WWII 019: GuruFocus.com, Why Stocks Follow Oil, Using Student Loans to Play the Stock Market, Fixing Social Security

In this episode, I shine the light on my favorite investing information website GuruFocus.com.

Main Topic:

GuruFocus.com is one of the main websites I use in my investment process. The site is focused around two primary things: Company fundamentals, and Guru activities.

This website makes it so easy to coattail off of Guru investors. Most of the information it provides in a few seconds would take days of research to do yourself, so the true value is the time savings.

There is plenty of free information available on the site, and some really excellent functionality and info that is behind a pay wall.

For more, listen to the podcast.​

Technology is nothing. What's important is that you have a faith in people, that they're basically good and smart, and if you give them tools, they'll do wonderful things with them."

Steve Jobs

Ask JB:

Why do stocks typically follow oil prices? (self.investing_discussion)

submitted 6 days ago by trellow

I heard a comment on bloomberg news today that stock prices usually trend with oil prices. Is this typically true, and what is the reasoning behind this? Also are there industries that do not follow this trend?

Even though tuition is paid for, should I take advantage of low interest, deferred, federal student loans? (self.investing_discussion)

submitted 10 days ago * by GodFather0326

Hey guys and gals, first post here so let's get to it.

I’m young, and painfully aware that I “don’t know everything about everything, or much about anything.” I’m posting this to get feedback from older, more experienced, and smarter investors than I.

I'm wondering if it’s a good idea to take advantage of federal and private student and VA loans that are deferred until 6 - 9 months after you graduate?

I qualify for 100% of my Post 9/11 GI benefits, will be working part-time, etc, etc.

But let's say that on top of that, my freshman year I borrow roughly $50,000.00 in deferred federal student loans (current IR's are about 4.69%) with a grace period of 6 months after graduation.)

The plan is to invest this capital into various opportunities that, after much deliberation and analysis, should grow at about 9 - 12% per year.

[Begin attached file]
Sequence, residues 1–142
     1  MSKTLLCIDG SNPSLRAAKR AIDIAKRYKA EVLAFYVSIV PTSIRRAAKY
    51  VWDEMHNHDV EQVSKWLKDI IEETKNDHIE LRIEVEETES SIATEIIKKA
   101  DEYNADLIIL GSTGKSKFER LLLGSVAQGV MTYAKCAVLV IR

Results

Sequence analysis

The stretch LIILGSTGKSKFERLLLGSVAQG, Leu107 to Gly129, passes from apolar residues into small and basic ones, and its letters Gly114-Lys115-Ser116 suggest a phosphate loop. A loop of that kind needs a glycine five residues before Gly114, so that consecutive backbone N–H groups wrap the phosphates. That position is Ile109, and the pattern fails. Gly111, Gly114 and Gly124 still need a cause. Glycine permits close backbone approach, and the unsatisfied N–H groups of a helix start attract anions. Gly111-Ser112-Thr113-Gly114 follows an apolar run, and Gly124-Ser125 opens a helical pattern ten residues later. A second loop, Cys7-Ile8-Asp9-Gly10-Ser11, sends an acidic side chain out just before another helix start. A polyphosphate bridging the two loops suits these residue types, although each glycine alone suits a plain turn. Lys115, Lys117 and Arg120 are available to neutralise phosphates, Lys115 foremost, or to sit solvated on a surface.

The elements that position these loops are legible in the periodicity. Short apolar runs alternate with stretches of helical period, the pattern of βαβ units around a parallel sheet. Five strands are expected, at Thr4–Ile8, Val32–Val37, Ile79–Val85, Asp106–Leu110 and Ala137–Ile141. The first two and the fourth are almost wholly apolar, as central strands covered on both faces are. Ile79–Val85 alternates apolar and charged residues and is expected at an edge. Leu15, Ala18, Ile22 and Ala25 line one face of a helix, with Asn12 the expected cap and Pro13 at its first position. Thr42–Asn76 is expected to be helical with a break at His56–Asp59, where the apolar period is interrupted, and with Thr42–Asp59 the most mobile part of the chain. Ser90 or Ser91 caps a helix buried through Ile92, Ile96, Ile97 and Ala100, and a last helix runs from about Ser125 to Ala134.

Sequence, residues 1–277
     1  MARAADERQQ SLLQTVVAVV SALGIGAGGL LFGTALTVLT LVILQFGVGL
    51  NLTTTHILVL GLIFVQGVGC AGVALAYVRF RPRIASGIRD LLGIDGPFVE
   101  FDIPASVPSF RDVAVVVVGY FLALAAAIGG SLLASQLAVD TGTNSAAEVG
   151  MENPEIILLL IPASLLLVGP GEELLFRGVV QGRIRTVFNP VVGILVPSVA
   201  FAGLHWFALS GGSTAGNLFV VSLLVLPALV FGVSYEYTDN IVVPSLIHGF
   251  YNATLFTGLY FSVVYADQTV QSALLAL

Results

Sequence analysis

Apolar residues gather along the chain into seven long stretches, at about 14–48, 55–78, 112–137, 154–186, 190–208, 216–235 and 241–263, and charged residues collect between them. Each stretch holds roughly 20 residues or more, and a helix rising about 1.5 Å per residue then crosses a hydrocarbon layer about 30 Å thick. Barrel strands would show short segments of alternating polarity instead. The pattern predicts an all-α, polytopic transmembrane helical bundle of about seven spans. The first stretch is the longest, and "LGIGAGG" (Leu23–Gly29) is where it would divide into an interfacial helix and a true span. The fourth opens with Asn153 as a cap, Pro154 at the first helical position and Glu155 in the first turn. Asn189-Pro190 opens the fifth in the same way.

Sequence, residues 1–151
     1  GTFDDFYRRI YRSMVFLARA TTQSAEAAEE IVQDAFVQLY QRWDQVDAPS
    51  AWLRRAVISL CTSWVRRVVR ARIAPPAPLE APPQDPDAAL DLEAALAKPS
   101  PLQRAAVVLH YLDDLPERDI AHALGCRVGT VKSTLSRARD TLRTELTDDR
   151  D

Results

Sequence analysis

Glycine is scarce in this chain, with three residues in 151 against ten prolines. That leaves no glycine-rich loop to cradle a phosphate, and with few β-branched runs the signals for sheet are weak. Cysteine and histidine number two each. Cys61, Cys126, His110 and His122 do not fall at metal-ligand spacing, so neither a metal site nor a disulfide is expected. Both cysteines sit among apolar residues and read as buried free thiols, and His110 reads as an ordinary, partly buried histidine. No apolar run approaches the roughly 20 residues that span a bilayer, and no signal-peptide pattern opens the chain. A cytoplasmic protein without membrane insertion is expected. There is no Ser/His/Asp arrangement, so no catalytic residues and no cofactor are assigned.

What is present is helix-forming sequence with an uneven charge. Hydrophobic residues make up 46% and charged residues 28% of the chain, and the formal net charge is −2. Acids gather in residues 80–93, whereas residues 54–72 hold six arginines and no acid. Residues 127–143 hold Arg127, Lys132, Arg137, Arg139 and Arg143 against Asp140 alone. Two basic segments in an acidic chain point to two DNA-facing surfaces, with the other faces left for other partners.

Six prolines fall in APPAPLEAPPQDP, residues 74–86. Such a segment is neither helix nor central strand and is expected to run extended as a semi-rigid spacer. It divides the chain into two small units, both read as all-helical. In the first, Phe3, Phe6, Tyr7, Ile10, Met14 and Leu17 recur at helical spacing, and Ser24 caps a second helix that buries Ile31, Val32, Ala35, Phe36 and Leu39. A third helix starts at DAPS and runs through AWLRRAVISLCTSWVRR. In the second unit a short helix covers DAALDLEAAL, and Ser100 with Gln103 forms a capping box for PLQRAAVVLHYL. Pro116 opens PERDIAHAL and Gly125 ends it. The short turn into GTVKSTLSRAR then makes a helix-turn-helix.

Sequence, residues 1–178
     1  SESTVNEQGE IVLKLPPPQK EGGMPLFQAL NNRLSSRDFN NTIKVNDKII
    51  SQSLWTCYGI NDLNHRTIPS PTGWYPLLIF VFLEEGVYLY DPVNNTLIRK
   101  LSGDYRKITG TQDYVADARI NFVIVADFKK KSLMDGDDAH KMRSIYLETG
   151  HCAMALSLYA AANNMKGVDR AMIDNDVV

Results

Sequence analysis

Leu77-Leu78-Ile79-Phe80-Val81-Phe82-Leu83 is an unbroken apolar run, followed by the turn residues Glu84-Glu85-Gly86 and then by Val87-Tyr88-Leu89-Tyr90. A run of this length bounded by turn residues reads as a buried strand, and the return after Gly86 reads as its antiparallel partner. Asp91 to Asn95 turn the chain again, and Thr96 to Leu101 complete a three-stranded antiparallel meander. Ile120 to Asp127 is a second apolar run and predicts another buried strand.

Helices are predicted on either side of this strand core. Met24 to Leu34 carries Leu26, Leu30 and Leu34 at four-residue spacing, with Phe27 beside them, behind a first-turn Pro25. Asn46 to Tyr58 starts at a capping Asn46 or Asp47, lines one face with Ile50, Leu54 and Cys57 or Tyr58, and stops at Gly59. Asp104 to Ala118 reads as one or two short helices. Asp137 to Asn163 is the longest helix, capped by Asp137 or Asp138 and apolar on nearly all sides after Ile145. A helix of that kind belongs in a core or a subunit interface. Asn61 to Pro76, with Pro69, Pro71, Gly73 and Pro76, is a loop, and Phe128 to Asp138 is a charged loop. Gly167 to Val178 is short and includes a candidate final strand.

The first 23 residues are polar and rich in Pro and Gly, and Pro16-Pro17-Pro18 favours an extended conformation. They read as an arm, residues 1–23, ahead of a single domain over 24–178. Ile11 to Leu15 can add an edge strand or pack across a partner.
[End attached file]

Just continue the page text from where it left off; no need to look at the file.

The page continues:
But for the sake of the argument let's say that I play it safe and dump it all into an ETF that tracks the S&P 500 index. Something like SPY.

Historically, The SPY ETF's (and S&P 500) growth rate is roughly 8 -10% per year. We're going to go conservative here and adjust that to a constant 7 – 8.5% just in case. Did I mention that the SPY ETF pays a quarterly dividend? (2.02% or $4.34/share annually) Dividends that I intend to DRIP right back into the SPY to compound this financial momentum.

(Conservative) Estimates of growth from years 1 - 4:

1st year: 50,000 x 8.5% = $54,250.00 + annual dividend payment of $986.00

2nd year: $55,286.00 x 7.6% = $59,487.00 + Dividends of $1,066.00

3rd year $60,552.00 x 8.8% = $65,880 + Dividends of $1,127.00

4th year: $67,007.00 x 7.0% = $71,697.00 + Dividends of $1,215.00

Total: $72,912.00

Repayment option A: Upon graduation I would sell my position and repay the loan before the interest rates or payments were activated. Netting me a cool $22,912.00

Repayment option B: Make monthly payments on the loan with my extra income to widdle it down before graduation. The logic behind this is getting and investing 50k NOW vs saving and investing 50k over 4 or 5 years. I'm thinking about the Time Value of Money here.

This growth is ONLY from the $50,000.00 loan and does not include my existing position in the SPY ETF or any other investment I am part of.

On top of this, the extra income I make from my GI bill benefits and part time work will be saved and invested (estimated around +$2,500.00/month x 8 school months = $10,000.00 per year) into stocks, options, and other securities that I deem beneficial to my portfolio.

non-school months will be spent studying abroad or at an internship. This has been factored in and budgeted for

What do you think? What have I not accounted for? What obvious financial truth have I ignored or missed or am simply not aware of? Please leave your feedback below with valid points as to why it’s a good or bad idea as well as other suggestions to wisely invest during my early twenties (Please don’t say TSP. That’s taken care of.) Any and all advice is much appreciated!

Do you have a burning question on investing you would like answered? Click the button below to send it to me and I will answer it on the podcast!

News:

http://www.barrons.com/articles/can-we-fix-social-security-1474093224

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About the Author

Jeremy Scott Bailey is an investor, author, entrepreneur and host of the "What Works In Investing?" podcast now available on iTunes. He is founder and Chief Investment Officer of Burgeón Group, Inc. an investment advisory firm that provides portfolio management services to families and individuals.

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